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Journal of Venomous Animals and Toxins including Tropical Diseases

On-line version ISSN 1678-9199

J. Venom. Anim. Toxins incl. Trop. Dis vol.12 no.1 Botucatu  2006

http://dx.doi.org/10.1590/S1678-91992006000100015 

THESIS

 

Effect of transforming growth factor beta on the functional activity of human monocytes "in vitro" infected with Paracoccidioides brasiliensis

 

 

R. A. R. Martins

Correspondence to

 

 

THESIS: R. A. R. Martins submitted this thesis for her Doctorate in Tropical Diseases at Botucatu School of Medicine, São Paulo State University, UNESP, Botucatu, São Paulo, Brazil, 2005.

Advisor: Professor Maria Terezinha Serrão Peraçoli

ABSTRACT

Transforming Growth Factor-beta (TGF-b1) is a cytokine produced by cells such as macrophages and T cells having both pro- and anti-inflammatory properties depending on their environment and concentration. The aim of this study was to analyze the effect of TGF-b1 on the hydrogen peroxide (H2O2) release, Tumor Necrosis Factor-alpha (TNF-a) production, and fungicidal activity of human monocytes challenged with high-virulent strain of Paracoccidioides brasiliensis (Pb18). Peripheral blood monocytes from healthy individuals were preincubated with or without different concentrations (7.8 pg/ml to 500 pg/ml) of TGF-b1 for 24 h at 37ºC, and then challenged with Pb18 in a ratio of 50:1 monocyte:fungus. The release of H2O2 by monocytes in response to Phorbol Myristate Acetate (PMA) was evaluated during and after 4h of monocyte infection with the fungus. TNF-a production by these cells was determined in supernatant cultures by enzyme immunoassay (ELISA), and fungicidal activity of monocytes against Pb18 was assessed by viable fungi recovery from 4h co-culture in Blood Heart Infusion-Agar (BHI-Agar) and counting of colony-forming units after 10 days. The results showed that monocyte incubation with TGF-b1 concentrations (31.2 pg/ml to 500 pg/ml) suppressed H2O2 release in a dose-dependent manner. The Pb18 infection of monocytes pretreated with TGF-b1 maintained the inhibitory effect on the H2O2 production by these cells stimulated with PMA, even in low doses of TGF-b1, suggesting that Pb18 may also interfere with H2O2 production by monocytes. These cells challenged with Pb18 produced significantly higher levels of TNF-a in comparison to monocytes not infected. However this production was inhibited when these cells were previously cultured with high concentrations of TGF-b1. On the other hand, pretreatment of monocytes with high doses of this cytokine enhanced their fungicidal activity against P. brasiliensis. Together the results suggest that exogenous TGF-b1 can exert a dual modulatory effect on monocytes infected with P.brasiliensis, when used in high concentrations. The effects are stimulatory on fungicidal activity and inhibitory on H2O2 release and TNF-a production.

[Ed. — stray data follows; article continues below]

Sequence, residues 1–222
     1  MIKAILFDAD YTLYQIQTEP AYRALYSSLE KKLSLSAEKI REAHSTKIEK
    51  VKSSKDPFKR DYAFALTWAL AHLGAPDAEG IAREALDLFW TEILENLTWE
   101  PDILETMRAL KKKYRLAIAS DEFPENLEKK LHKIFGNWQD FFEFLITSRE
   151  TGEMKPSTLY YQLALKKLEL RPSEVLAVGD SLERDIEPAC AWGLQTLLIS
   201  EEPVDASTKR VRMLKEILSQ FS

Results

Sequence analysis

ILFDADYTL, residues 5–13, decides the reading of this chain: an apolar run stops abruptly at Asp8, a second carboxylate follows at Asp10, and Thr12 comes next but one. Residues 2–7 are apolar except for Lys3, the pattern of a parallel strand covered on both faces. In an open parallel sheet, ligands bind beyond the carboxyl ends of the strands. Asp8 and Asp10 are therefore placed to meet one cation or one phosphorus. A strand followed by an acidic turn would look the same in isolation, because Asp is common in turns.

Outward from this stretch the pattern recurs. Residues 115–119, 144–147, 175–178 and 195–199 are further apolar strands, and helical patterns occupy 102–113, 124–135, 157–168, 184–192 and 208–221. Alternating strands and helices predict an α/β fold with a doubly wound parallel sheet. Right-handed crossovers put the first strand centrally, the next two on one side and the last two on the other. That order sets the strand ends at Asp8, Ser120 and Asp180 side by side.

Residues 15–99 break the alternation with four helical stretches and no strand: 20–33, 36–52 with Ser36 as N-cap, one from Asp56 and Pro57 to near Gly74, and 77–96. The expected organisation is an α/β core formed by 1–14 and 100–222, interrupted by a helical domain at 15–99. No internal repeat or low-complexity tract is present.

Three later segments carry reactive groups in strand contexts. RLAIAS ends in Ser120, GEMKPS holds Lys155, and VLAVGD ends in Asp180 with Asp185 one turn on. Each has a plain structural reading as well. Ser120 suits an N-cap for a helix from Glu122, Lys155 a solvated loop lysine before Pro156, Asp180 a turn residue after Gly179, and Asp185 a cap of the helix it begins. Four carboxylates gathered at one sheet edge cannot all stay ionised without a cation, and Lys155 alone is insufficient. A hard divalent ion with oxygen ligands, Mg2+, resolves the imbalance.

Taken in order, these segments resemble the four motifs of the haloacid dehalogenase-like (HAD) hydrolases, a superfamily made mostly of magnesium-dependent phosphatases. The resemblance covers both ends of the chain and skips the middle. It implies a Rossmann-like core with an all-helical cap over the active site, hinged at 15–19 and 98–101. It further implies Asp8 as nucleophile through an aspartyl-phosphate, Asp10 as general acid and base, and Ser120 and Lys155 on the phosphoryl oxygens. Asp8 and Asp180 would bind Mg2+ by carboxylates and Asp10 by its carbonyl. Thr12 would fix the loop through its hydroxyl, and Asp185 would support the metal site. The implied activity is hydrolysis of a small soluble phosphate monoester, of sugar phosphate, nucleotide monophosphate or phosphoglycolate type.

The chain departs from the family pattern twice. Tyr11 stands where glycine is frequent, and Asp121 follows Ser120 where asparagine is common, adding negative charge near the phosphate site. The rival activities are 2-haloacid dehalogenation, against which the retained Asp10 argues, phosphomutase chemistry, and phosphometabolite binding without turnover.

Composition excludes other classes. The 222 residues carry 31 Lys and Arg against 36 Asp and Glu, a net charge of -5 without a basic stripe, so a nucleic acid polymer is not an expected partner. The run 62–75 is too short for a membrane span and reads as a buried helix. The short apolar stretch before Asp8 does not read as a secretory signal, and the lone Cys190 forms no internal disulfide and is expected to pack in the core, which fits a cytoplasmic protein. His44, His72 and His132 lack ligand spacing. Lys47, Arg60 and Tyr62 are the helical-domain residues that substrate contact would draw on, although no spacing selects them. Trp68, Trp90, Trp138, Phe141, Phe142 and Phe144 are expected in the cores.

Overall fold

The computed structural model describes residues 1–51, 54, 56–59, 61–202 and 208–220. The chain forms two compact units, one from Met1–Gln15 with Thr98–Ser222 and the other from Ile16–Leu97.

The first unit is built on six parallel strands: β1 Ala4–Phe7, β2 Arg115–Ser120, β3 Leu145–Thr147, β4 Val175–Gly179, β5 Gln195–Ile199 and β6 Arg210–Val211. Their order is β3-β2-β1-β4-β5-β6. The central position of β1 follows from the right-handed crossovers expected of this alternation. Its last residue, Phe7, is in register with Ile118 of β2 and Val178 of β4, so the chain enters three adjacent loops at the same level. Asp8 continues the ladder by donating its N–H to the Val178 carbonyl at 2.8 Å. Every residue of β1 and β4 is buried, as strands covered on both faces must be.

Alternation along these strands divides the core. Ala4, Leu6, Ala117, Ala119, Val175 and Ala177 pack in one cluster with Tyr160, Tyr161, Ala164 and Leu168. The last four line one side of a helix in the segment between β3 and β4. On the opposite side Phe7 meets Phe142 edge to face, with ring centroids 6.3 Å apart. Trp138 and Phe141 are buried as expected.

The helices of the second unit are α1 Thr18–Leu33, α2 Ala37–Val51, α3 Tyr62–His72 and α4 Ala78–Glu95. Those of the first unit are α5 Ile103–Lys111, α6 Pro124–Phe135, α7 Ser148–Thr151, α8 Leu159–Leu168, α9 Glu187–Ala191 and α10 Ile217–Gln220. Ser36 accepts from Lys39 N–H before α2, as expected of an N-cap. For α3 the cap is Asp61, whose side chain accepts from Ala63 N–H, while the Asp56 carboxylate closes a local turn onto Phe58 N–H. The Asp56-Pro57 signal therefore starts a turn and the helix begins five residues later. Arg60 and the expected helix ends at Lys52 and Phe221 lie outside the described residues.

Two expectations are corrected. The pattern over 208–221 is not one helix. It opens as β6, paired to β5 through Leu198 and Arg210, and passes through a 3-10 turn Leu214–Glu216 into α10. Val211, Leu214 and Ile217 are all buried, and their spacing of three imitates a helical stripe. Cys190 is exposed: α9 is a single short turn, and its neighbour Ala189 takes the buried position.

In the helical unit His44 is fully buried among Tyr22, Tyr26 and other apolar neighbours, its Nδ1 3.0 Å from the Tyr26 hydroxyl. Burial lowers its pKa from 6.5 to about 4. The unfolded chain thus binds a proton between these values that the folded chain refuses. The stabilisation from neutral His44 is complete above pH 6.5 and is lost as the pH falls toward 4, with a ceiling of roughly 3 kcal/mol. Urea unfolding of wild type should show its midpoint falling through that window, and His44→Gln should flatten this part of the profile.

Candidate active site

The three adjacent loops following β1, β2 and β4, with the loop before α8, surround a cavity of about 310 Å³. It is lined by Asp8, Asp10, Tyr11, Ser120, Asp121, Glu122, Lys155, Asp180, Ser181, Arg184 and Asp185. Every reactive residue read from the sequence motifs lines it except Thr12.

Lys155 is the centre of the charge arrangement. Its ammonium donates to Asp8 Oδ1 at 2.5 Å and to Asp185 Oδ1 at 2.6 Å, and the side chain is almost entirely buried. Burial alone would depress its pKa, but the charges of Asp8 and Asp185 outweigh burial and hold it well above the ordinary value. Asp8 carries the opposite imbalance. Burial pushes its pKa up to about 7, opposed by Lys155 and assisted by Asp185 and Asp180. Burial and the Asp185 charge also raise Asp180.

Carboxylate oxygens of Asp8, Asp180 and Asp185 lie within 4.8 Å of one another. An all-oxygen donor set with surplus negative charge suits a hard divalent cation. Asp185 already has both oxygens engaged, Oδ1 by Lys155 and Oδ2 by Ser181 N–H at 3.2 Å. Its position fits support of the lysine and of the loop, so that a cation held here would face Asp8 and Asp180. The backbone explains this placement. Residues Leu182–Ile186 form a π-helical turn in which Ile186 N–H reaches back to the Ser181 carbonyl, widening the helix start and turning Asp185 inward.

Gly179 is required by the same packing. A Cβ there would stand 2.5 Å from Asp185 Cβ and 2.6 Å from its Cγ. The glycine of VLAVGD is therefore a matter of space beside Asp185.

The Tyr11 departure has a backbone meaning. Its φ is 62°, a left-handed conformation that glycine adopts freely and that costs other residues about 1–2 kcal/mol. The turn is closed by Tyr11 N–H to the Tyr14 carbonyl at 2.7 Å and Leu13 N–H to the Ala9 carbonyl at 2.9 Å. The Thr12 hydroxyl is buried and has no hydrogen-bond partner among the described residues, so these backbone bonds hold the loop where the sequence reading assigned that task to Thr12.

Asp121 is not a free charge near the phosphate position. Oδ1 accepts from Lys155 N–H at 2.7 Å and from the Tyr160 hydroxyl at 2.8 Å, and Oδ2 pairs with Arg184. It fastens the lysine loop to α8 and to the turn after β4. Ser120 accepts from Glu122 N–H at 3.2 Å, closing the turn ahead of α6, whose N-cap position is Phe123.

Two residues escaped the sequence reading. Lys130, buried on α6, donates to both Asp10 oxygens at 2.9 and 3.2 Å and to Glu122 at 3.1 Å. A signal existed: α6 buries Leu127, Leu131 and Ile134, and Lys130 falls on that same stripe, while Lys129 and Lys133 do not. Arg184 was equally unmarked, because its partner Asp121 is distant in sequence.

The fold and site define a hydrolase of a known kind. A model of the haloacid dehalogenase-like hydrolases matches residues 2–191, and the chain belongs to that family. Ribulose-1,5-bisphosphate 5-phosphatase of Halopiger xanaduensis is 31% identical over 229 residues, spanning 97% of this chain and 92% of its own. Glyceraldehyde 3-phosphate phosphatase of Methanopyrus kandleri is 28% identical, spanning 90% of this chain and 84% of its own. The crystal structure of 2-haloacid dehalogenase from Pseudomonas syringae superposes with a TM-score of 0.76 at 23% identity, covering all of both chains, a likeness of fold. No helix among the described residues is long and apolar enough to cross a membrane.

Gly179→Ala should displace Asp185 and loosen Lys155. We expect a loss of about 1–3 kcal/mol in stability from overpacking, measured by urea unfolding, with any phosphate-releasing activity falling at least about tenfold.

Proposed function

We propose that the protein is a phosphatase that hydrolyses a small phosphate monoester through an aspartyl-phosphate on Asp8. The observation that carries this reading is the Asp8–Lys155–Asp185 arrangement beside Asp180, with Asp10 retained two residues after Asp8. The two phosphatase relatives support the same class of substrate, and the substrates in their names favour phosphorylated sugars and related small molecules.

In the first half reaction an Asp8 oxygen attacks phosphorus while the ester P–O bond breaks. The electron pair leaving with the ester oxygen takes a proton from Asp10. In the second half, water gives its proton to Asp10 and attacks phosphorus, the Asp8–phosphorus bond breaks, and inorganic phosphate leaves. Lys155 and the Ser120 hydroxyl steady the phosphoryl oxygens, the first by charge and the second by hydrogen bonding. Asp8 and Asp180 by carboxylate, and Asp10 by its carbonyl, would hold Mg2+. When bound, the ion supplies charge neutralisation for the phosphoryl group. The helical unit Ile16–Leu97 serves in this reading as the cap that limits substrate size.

KEY WORDS: cytokines, human monocytes, P. brasiliensis

 

 

Correspondence to:
Rosana Aparecida Rodrigues Martins
Rua Rafael Sampaio, 768, Boa Vista
18.601-080, Botucatu, SP, Brasil
Phone: 55 14 3815 7277
Email: rarmartins@laser.com.br

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